Seattle’s mass transit system is growing at a rate of $750 million worth of infrastructure per year, and by 2018, that figure is projected to grow to $1 billion per year.
Overseeing various aspects of that work is Richard Sage, director of construction management for Sound Transit, the Seattle-based organization that plans, builds, and operates express bus, light rail, and commuter train services. Beyond the day-to-day challenges that come with this kind of a job—that is, organizing personnel on several different projects simultaneously, coordinating construction schedules so that new projects don’t interfere with current schedules, and managing multiple contract-delivery methods—there also are extra wrinkles that need to be handled.
For example, during construction of the $1.9 billion University Link extension project that connects University of Washington and Capitol Hill to existing light rail service from downtown Seattle to the airport, Sage says Sound Transit had to mind its science. Light rail construction typically includes earth-moving, electromagnetic elements, and noise, but thanks to the project’s proximity to UW, Sound Transit had to mind vibration- and electromagnetic-sensitive research being done on campus.
“As you probably know, the research being conducted on the UW campus is a billion-dollar-plus endeavor each year and one of the largest revenue bases in the region,” he says.
Not only did Sound Transit manage to avoid disrupting university research, but the University Link project will wrap up under budget and ahead of schedule for its 2016 opening. It’s the culmination of nearly seven years’ worth of work and more than three miles of underground rail lines, underground pedestrian concourses, and new stations. Although some of the projects’ contracts were done under traditional design-bid-build delivery methods, Sound Transit for the first time also incorporated construction manager/general contractor (CM/GC) contracts. Sage admits there was a learning curve in putting two project-delivery methods to work, but he also says the agency plans on using CM/GC contracts on future projects.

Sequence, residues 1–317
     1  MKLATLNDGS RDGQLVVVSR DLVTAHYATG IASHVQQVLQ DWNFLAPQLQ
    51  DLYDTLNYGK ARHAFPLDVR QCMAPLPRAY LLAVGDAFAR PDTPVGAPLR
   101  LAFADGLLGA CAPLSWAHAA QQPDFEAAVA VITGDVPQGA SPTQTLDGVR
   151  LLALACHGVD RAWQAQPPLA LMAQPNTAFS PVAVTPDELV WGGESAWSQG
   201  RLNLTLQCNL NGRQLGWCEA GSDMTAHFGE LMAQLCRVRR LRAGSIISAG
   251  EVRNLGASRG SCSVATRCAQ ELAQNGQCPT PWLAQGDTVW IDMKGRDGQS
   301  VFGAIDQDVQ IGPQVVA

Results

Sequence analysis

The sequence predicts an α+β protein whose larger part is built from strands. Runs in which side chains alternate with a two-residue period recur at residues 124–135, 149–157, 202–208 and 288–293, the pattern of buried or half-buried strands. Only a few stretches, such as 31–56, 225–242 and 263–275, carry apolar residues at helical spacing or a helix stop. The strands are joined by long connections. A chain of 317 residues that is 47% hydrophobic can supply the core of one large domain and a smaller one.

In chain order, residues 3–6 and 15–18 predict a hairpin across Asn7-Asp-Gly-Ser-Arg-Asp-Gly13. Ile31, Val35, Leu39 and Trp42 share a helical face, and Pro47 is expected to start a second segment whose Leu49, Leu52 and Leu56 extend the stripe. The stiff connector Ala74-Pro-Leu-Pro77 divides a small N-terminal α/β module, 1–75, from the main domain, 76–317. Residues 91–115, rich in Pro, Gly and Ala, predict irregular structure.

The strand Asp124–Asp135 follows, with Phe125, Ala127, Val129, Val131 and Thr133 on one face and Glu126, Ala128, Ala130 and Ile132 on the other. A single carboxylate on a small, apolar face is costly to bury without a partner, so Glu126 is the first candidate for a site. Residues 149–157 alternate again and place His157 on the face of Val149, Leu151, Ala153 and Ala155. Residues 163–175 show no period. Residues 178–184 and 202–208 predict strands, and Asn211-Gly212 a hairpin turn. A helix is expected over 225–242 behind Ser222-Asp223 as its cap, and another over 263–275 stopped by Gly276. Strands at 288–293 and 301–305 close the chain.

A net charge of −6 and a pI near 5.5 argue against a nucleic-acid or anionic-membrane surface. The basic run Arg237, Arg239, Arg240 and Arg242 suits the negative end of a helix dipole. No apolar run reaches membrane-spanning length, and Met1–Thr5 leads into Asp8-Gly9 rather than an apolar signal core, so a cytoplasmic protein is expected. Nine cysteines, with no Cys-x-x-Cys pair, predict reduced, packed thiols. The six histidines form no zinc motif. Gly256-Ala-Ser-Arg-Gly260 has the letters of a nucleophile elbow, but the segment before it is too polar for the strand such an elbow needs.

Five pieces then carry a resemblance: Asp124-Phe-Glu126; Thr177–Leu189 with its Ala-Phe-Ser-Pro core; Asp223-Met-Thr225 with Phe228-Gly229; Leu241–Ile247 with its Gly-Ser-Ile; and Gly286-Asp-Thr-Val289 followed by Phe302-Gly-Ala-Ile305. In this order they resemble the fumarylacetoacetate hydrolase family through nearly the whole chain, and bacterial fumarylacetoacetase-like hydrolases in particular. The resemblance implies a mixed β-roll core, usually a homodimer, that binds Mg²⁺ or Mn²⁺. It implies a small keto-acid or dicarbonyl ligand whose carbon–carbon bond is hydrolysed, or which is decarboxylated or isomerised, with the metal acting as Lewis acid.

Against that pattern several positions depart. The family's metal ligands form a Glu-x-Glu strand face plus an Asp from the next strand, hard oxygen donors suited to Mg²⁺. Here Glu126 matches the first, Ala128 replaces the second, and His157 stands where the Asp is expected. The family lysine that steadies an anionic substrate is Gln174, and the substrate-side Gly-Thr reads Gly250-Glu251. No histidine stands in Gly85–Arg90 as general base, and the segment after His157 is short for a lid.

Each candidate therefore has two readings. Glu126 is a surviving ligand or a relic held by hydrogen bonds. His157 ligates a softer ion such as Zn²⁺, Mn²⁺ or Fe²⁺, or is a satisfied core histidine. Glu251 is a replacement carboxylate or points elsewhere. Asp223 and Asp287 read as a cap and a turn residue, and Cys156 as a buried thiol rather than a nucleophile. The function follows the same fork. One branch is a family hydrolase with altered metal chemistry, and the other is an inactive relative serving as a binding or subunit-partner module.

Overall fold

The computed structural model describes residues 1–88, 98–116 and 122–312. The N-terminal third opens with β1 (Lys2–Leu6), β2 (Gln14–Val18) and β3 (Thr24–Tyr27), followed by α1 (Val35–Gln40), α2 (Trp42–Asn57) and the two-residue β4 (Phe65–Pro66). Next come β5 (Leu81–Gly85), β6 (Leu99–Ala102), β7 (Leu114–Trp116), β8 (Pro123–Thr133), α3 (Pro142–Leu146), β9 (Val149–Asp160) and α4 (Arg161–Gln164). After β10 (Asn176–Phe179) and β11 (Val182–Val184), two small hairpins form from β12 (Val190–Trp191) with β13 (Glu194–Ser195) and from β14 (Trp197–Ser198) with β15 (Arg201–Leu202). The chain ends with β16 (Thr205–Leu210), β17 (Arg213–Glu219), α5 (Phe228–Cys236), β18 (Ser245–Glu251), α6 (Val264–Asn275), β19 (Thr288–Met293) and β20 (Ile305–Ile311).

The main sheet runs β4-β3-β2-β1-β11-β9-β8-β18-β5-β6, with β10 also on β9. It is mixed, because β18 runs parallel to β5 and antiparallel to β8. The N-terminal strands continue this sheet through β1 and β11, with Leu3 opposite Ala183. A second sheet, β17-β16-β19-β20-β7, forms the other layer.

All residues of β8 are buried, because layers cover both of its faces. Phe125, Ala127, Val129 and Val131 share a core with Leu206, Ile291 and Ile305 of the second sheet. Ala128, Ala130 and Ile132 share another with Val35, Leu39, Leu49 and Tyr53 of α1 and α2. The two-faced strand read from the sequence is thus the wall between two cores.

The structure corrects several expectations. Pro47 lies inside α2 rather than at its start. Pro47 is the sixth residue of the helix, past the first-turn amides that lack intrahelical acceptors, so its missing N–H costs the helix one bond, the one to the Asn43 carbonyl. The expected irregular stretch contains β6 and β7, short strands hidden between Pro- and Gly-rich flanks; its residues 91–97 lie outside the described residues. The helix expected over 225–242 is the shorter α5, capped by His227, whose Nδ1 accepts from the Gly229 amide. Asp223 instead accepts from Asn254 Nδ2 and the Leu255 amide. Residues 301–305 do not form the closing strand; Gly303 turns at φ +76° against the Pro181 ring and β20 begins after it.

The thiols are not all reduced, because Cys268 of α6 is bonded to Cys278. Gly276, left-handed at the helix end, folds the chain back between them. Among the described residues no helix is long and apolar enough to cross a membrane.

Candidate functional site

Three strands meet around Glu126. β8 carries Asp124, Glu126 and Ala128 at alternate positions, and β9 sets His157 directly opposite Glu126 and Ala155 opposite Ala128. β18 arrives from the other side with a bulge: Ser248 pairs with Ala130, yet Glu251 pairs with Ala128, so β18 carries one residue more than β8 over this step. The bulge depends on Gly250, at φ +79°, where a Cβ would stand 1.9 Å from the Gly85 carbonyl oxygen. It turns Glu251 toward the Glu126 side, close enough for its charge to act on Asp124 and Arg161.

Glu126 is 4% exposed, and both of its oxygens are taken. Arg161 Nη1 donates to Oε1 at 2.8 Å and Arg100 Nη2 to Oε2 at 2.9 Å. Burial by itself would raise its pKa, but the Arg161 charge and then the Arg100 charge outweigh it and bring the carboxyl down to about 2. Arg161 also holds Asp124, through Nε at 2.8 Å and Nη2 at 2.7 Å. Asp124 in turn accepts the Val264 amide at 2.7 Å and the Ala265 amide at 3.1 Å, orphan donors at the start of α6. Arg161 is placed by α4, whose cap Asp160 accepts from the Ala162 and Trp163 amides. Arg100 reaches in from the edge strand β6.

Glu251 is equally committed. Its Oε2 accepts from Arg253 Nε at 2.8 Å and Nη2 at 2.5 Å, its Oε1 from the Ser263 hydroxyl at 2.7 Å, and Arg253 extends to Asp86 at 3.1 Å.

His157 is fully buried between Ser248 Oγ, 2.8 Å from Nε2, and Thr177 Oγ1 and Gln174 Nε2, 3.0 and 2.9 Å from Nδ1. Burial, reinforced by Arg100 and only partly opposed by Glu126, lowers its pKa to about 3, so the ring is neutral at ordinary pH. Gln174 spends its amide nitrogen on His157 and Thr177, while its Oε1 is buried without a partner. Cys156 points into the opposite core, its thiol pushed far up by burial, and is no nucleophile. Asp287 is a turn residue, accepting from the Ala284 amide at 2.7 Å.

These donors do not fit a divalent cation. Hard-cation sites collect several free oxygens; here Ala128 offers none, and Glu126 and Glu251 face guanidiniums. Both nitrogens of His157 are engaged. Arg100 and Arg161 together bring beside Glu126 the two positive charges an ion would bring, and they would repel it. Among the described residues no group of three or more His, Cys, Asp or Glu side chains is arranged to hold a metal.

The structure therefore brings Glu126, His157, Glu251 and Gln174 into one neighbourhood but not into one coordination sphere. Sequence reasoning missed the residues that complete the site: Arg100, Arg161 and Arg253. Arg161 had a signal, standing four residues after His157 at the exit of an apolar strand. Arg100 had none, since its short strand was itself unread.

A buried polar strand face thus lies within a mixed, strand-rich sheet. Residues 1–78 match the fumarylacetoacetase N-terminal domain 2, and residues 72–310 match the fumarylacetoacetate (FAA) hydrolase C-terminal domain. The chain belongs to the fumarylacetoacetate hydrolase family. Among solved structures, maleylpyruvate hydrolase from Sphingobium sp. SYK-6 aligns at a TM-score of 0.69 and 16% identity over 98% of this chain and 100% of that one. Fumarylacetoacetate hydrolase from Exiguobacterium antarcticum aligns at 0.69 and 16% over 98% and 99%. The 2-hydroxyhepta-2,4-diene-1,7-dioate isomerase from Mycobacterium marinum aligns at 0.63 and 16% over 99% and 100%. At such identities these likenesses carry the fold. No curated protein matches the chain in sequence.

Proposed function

Of course, adapting to new ways of doing business and dealing with complex projects, at this point, seems to be ingrained in Sage’s blood. His career spans 48 years and includes stints working on various types of transportation projects—airport runways, highways, subway stations, and tunnels can all be found on his résumé—as well as construction of a hydroelectric plant and engineering roles on sewer and water lines.
Current and upcoming work for Sound Transit Light Rail
- Northgate Link extension
- Lynnwood Link extension
- East Link extension
- Operations and Maintenance Satellite Facility
- Federal Way extension
- Tacoma Link extension
“Working in the private industry has been critical to my success at Sound Transit,” Sage says. “While working for contractors, I gained knowledge on how to estimate, plan and construct facilities, and manage the individuals involved in the construction … I have had the pleasure of working with good comprehensive contract documents and the distasteful task of working with defective contract documents, and have come to easily recognize and appreciate the differences.”